Guylain Vignolles is an unlikely central character in a book. He lives a reclusive life, with a job he hates and few friends. But he has one saving grace: he reads. Not only novels at home for pleasure, but aloud, without invitation on his morning train ride. This has gained him a small following, and along with his lunchtime friend’s habit of alexandrines, gives this lightweight novel an pleasantly pseudo-intellectual feel, perfect for Sunday morning reading.
He stumbles through life, guided by instincts and the colourful characters he finds himself alongside. There are a few bumps, and echoes of an earlier traumatic incident, but mostly he is just bumbling through life with Roger, his goldfish, for company. Until….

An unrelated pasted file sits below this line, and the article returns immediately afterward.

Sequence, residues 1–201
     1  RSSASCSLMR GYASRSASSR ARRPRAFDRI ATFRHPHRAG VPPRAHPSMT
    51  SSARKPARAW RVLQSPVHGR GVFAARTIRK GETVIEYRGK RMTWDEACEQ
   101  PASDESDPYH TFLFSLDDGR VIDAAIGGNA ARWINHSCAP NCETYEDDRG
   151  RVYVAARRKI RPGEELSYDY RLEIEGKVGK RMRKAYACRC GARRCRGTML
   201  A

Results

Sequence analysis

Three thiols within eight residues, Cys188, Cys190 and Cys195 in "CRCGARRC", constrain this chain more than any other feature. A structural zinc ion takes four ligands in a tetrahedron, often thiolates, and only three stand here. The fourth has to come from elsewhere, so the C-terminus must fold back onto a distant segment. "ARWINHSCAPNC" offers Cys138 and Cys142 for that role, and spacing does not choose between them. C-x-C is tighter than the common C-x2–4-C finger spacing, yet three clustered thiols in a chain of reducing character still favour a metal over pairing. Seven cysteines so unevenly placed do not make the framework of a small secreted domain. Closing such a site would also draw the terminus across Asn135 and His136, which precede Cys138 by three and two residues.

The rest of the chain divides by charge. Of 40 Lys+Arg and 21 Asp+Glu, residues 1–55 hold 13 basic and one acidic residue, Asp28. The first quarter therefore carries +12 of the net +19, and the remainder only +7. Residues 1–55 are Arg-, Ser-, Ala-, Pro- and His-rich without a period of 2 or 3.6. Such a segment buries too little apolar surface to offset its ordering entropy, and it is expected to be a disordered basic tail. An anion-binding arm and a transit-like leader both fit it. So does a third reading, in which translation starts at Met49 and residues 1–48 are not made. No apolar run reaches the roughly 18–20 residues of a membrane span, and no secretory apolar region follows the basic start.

Of course a change has to be made for their to be any story to hand on Guylain, but his ordinary life is what makes this book so readable. Well worth a lazy morning with tea.
Penguin Classics should be sold at all railway stations, and this one came from Birmingham New Street Foyles. Just the right length for my return journey home and saved me from the bestseller list or a magazine.
Lady Susan is a wonderful anti-heroine. Defying social conventions, she is making her own way in the world and choosing her husband her own way. I love that she does find her own way, in spite of being so far from the ideal of Regency womanhood.
It is a classic epistolary novel, with the whole book (except for the conclusion) told in the form of letters between and from the main characters, the majority of which are of course ladies with time on their hands to exchange details of other people’s lives. So of course my quote is from a letter between two of the men…
I have at this moment recieved your Letter, which has given me more astonishment than I ever felt before.
But of course to reveal what gives such astonishment would remove all the fun. It remains only to say that Austen’s wit shines through and this is well-worth reading.
Eta: What do you know, I’ve read this before!